• Support agencies and communities that provide safe places for LGBTQ youth, places where they can celebrate their identity and where they can find healing after a church or family member tries to erase their identity.
  • Work to end conversion therapy. If your state isn’t one of the states that has banned this practice, get politically involved. If you are a person of faith, engage your denomination and local ecumenical or Interfaith organization asking them to condemn conversion therapy.
  • Unmask the churches and non-profit religious social service agencies who implicitly deny LGBTQ dignity and rights, even as they market themselves as spaces of welcome.

Homophobic Churches and non-profits do not lead with their stance on LGBTQ issues. The non-profits focus on the way they help people. Churches focus on being welcoming, loving, a place where you find community.  This message of love and inclusion is attractive, especially to young queer or questioning people. Yet many of these congregations that claim to emphasize love and welcome have very restrictive stances on human sexuality. This is particularly true in new churches that meet outside of church buildings not on Sunday morning—a show of modernity does not imply a reality of inclusive love.

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An important thing straight LGBTQ allies can do is identify communities and agencies that are affirming and unmask and name those who, despite their talk of love and noble mission, are far from affirming.
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It is important to get beyond style to core values. All too often, behind the praise band, good coffee and “hip” pastor is a theology that is anything but affirming of LGBTQ sexuality and  same sex marriage. It is one thing to “welcome all.” It is another to be a proactively affirming community when it comes to LGBTQ sexuality. LGBTQ folks seeking Christian community can be drawn to edgy style only to find religious leaders who do not affirm their sexuality and try in one way or another to “fix” the gay person naming their sexual identity as sin. This is also true with Christian non-profits addressing issues like homelessness and hunger that are undergirded by a theology that does not affirm LGBTQ folks. One question to ask these agencies is: would they hire someone in a same sex marriage as primary staff? An important thing straight LGBTQ allies can do is identify communities and agencies that are affirming and unmask and name those who, despite their talk of love and noble mission, are far from affirming.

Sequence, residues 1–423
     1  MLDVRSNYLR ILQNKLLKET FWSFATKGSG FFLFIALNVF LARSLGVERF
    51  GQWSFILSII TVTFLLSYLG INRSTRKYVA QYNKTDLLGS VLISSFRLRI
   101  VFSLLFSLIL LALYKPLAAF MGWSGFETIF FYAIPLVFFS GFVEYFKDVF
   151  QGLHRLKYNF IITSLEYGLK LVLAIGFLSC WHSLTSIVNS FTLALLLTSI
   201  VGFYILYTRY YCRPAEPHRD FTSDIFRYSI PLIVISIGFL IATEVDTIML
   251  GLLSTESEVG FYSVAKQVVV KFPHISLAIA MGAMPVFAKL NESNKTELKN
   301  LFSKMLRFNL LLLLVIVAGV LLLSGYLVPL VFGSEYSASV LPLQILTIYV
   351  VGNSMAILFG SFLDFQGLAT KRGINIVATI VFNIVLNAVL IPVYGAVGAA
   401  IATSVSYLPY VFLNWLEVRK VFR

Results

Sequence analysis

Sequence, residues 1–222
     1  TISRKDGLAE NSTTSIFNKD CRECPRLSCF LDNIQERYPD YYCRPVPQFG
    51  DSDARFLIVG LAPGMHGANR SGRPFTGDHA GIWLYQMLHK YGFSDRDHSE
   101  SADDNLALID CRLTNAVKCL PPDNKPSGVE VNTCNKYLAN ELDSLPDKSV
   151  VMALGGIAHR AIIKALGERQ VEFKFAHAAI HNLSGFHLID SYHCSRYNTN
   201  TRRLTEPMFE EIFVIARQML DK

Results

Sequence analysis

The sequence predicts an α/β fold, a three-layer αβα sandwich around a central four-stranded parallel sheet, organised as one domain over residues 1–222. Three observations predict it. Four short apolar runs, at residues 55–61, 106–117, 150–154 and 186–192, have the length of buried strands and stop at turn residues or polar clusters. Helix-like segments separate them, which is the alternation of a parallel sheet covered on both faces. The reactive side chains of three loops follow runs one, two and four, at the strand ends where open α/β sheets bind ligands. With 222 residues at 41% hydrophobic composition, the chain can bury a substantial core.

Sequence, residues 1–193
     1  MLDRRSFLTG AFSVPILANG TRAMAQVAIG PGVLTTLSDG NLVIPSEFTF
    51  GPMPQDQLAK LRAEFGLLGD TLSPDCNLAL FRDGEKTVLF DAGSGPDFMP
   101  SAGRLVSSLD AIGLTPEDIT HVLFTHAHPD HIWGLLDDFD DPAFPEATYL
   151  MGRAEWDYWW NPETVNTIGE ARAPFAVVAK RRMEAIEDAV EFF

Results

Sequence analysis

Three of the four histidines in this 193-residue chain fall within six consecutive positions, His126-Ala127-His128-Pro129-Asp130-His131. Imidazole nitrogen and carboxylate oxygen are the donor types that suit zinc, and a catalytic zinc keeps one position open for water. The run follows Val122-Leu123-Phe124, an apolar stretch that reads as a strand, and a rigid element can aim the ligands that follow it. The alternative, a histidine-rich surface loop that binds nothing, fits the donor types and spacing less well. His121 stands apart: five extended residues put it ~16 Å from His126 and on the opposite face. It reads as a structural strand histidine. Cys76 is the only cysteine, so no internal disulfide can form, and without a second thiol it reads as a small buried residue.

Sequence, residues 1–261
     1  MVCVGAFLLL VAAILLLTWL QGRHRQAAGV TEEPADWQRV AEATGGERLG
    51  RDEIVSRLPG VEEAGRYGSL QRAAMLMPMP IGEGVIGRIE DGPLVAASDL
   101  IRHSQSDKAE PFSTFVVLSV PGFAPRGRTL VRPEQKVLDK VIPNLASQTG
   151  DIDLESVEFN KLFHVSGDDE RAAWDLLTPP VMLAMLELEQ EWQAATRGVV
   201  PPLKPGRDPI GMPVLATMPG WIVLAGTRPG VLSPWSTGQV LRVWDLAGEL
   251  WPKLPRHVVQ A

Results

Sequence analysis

Conversion therapy is religiously sanctioned violence. It seeks to erase one’s identity, the gift of one’s sexuality. Remember: the name of the agency that sought to change Garrard was “Love in Action”.

I will not forget the time I spent with Garrard. His book Boy Erased and the film adapted from it tell a story that needs to be told. It invites our response.

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Author Bio: Rev. Dave Brown is a writer, creator and host of Blues Vespers, and one of the PNW Interfaith Amigos. He was pastor of Immanuel Presbyterian Church in Tacoma, WA and served as staff to the National Council of Churches Committee on Public Education.